Toxic shock syndrome (TSS) is a rare illness that happens suddenly after an infection. It quickly can harm several different organs, including the lungs, the kidneys, and the liver. And it can be deadly. Since toxic shock syndrome gets worse quickly, it requires medical treatment right away.
What causes toxic shock syndrome?
An infection caused by strep or staph bacteria can lead to toxic shock syndrome (TSS). These bacteria are common and usually don't cause problems. But in rare cases, the toxins enter the bloodstream and cause a severe immune reaction. This reaction causes the symptoms of TSS.
- Toxic shock syndrome caused by strep most often occurs after childbirth, the flu (influenza), chickenpox, surgery, minor skin cuts or wounds, or injuries that cause bruising but may not break the skin.
- Toxic shock syndrome caused by staph most often occurs after a tampon is kept in too long (menstrual TSS) or after surgery (nonmenstrual TSS).
What are the symptoms of toxic shock syndrome?
Toxic shock syndrome (TSS) symptoms get worse quickly and can be deadly within 2 days. Symptoms include:
- Sudden fever over 102 F (39 C).
- Signs of shock, including low blood pressure and rapid heartbeat; nausea; vomiting; or fainting or feeling lightheaded, restless, or confused.
- A rash that looks like a sunburn. The rash can be on several areas of your body or just in certain places, such as the armpits or the groin.
- Severe pain in an infected wound or injury.
Other TSS symptoms may include:
- Severe flu-like symptoms, such as muscle aches, stomach cramps, a headache, or a sore throat.
- Redness inside the nose and mouth.
- Pinkeye (conjunctivitis).
- Scaling, peeling skin, especially on the palms of the hands and soles of the feet.
- Having sudden, severe symptoms is one of the most important clues that you may have toxic shock syndrome. If you think you have TSS, get medical care right away.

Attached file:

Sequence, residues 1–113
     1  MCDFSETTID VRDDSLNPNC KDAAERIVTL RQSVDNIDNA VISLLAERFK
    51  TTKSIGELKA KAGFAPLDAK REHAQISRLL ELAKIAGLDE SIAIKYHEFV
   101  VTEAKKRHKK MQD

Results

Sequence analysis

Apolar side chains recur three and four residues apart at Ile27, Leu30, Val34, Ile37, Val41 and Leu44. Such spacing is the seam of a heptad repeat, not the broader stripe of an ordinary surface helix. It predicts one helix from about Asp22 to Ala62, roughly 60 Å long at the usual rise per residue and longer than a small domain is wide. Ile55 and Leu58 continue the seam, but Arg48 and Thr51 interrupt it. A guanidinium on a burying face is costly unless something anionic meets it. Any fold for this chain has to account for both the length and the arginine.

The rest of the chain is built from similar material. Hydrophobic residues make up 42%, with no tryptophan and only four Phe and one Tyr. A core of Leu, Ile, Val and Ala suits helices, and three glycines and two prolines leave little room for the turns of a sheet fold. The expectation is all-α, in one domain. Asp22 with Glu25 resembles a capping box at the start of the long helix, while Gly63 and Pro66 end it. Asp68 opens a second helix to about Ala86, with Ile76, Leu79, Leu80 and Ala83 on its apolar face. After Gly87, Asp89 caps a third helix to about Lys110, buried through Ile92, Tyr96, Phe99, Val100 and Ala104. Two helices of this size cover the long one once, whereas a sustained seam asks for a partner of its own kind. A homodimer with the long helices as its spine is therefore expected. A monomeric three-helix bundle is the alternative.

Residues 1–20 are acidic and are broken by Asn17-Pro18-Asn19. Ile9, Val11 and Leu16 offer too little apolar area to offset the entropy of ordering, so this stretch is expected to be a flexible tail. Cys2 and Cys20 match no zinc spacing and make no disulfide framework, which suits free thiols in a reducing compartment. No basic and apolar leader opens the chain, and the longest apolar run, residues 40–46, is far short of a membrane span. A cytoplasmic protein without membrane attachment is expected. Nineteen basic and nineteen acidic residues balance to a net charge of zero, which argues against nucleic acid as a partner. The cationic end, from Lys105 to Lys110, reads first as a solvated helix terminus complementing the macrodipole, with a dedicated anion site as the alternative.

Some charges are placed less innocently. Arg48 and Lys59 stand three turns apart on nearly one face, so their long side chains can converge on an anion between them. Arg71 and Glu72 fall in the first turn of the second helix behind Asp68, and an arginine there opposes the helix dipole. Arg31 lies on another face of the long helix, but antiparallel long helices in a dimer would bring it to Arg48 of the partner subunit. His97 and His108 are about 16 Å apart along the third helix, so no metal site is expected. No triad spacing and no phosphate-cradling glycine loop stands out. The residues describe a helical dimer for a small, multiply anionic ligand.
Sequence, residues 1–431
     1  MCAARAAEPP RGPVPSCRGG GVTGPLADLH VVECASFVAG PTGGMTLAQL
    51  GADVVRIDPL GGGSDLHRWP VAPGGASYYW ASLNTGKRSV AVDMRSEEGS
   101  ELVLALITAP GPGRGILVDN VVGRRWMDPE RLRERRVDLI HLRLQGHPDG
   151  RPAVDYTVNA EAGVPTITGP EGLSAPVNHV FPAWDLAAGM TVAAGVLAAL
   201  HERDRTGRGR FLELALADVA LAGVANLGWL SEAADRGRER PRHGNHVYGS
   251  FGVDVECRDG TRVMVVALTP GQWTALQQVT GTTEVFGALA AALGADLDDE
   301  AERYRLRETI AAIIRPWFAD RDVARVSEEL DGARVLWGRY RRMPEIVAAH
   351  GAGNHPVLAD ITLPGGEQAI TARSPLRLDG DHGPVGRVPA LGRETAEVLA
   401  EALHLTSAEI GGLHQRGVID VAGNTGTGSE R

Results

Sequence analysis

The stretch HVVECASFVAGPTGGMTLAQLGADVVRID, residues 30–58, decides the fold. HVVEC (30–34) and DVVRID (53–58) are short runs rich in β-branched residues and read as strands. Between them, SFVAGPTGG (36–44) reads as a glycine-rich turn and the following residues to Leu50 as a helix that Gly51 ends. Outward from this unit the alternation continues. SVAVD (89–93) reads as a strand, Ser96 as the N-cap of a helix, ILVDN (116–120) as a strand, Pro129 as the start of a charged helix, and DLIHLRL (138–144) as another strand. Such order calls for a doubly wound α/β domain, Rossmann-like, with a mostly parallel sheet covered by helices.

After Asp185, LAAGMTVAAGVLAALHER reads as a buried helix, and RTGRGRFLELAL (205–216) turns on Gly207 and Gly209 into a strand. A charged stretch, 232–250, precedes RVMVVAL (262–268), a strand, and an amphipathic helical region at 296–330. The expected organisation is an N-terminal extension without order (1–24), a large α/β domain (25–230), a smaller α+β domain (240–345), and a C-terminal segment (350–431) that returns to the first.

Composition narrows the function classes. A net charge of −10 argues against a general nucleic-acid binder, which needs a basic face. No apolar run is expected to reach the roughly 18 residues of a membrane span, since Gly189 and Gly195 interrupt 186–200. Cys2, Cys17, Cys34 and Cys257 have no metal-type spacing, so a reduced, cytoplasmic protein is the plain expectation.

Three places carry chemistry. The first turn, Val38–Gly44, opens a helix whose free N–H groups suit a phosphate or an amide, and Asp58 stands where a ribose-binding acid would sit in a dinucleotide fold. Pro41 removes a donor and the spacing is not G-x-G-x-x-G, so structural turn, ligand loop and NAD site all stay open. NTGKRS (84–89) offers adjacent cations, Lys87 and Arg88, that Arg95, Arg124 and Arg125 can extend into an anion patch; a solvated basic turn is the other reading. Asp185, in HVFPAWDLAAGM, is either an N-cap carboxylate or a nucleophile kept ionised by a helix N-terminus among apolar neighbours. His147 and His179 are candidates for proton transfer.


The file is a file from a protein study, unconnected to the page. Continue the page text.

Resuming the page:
How is toxic shock syndrome diagnosed?
Doctors usually diagnose toxic shock syndrome based on your symptoms. Tests can help show whether staph or strep bacteria are causing the infection. Tests you may need include:
- Blood tests.
- Tests on body fluids or tissues.
- A chest X-ray, to look for signs of damage to the lungs.
- Tests to rule out other infections, such as an infection of the blood (sepsis), Rocky Mountain spotted fever, leptospirosis, and typhoid fever.
How can you prevent toxic shock syndrome?
You can take steps to prevent toxic shock syndrome (TSS):
- Keep all skin wounds clean to help prevent infection. This includes cuts, punctures, scrapes, burns, sores from shingles, insect or animal bites, and surgical wounds.
- Help keep children from scratching chickenpox sores by managing itching.
- After childbirth, talk to your doctor before you use tampons or some barrier forms of birth control.
- Follow the directions on package inserts for tampons, diaphragms, and contraceptive sponges.
- If you have had menstrual TSS, do not use tampons or barrier contraceptives.
How is toxic shock syndrome treated?
Treatment for toxic shock syndrome almost always takes place in a hospital. Treatment includes
- Removing the source of the infection or cleaning the wound.
- Treating complications, such as shock or liver, kidney, and lung failure.
- Using antibiotics and other medicines to fight the infection.
Sometimes surgery is needed if TSS developed after surgery or if the infection is destroying the skin and soft tissue (necrotizing fasciitis).
After having TSS, you may get better in 1 to 2 weeks. But it will take longer if you had major complications.
When to call
Call 911 anytime you think you may need emergency care. For example, call if:
You passed out (lost consciousness).
- Call your doctor now or seek immediate medical care if:
- You have a new or worse rash.
- You have a new or higher fever.
- You are dizzy or lightheaded, or you feel like you might faint.
- You are short of breath.
Watch closely for changes in your health, and be sure to contact your doctor if:
- You do not get better as expected.